Sunday, October 14, 2007

The Orc King

Rolling right along with another Salvatore book, this one is the first of the new trilogy, Transitions. The Orc King picks off wonderfully right where the Hunter's Blades trilogy left off, with only a couple of months passing between them. The original party of well-known adventurers is present and the action takes place squarely in the Silver Marches region of the Forgotten Realms. This was a great book, plain and simple. It was wonderfully Dwarf-centric with a great deal of action, but not to the point of hollow distraction. Many split factions of the Orc hordes present themselves, and fringe elements, such as the Elves of the Moonwood are also in there. Salvatore even managing to return briefly to Auckney, the land from the novel Spine of the World.

Transitions is a trilogy title with so many implications too. Mainly, people will clamor for the information regarding the new shape the Realms are about to take as Wizards of the Coast get ready to change to their fourth edition rules. There is a prologue in the beginning where Drizzt, one hundred years in the future, speaks of the impending Spell Plague, the destruction of prominent cities, such as Luskan, and the chaos that has swept across the lands for over a century. Many characters undergo significant transitions as well, with at least one of them drastically changing character classes, and another taking a most divergent path to the rest of the heroes.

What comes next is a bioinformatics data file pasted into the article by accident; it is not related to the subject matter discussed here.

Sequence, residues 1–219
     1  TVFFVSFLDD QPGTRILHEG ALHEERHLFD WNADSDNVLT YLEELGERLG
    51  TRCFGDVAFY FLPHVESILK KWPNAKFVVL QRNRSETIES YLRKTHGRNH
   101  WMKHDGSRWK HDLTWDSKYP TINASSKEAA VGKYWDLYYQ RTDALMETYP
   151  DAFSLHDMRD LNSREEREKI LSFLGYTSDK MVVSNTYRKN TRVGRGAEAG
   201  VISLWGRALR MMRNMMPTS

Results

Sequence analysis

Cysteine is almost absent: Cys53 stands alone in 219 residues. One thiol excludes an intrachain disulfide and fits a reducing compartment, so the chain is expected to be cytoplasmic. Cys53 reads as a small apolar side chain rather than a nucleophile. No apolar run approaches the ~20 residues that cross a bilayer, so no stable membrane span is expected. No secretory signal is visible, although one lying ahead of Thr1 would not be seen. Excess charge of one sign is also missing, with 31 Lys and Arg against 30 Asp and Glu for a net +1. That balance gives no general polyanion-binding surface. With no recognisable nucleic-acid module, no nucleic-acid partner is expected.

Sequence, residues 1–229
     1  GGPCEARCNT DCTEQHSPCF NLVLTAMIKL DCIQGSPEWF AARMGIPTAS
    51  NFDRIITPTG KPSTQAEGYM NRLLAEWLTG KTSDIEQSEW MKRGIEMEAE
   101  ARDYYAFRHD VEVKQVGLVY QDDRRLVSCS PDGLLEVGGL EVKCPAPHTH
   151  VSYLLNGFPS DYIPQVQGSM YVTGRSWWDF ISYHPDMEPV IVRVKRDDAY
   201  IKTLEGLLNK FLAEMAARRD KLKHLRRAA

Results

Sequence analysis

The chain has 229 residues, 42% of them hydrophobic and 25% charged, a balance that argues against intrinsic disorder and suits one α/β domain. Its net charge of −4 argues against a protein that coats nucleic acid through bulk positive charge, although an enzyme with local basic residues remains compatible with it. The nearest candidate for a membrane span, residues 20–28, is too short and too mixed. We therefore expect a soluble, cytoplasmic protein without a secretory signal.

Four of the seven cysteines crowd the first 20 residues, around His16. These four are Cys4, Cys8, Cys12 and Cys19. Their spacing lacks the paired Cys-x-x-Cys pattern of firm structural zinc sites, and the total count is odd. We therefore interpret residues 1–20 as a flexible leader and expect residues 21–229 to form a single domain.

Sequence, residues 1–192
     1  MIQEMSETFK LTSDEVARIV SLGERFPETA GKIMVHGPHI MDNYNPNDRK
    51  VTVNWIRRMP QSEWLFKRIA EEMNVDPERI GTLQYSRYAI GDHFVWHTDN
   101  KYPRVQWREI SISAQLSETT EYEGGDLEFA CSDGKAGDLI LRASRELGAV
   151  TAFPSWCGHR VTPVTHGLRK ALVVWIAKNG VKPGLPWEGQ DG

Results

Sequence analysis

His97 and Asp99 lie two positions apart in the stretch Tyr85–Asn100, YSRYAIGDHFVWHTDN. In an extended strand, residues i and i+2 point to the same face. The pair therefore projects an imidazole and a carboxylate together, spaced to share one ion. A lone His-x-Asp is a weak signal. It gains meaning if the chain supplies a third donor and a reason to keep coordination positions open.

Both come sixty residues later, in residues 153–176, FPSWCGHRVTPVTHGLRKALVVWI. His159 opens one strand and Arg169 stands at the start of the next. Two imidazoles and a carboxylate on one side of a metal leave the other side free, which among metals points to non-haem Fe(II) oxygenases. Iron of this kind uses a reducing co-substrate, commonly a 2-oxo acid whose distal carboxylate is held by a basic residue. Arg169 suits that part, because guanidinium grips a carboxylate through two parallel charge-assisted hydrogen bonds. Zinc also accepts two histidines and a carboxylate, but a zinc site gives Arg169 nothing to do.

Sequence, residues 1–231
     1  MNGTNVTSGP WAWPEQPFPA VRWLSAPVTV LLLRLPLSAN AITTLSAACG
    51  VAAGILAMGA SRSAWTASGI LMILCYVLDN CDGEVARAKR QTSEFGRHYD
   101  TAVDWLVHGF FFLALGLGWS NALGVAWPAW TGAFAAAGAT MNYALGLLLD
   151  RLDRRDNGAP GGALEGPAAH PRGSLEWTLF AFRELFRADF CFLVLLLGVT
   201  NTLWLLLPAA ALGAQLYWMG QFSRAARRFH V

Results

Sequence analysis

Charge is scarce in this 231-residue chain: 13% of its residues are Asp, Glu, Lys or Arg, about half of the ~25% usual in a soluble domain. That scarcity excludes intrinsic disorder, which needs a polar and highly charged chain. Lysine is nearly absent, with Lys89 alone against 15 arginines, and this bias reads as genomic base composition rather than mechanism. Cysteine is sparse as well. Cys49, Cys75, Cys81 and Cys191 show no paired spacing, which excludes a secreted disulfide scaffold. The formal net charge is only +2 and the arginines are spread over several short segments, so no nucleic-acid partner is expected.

Salvatore plays with the emotions of the reader in a few, key, areas, making for some dramatic reading. During key battles, specifically in the end, the pace was so frantic, and tense, I found myself skipping words in the sentences just to reach the climax. I was caught off guard by many of the twists in the story as well, and am excited to see where the next book, the Pirate King will take us. It is clear that after the close of this book however, that this major story arc, four novels long in the making, has come to a clear conclusion. Five stars, two thumbs up, what have you, this one's worth reading for sure, even if you haven't invested the time to read the rest of Bob's massive library. Read the Hunter's Blade trilogy prior to it, because those books are excellently written as well, and combined with this one, make for a great tale.

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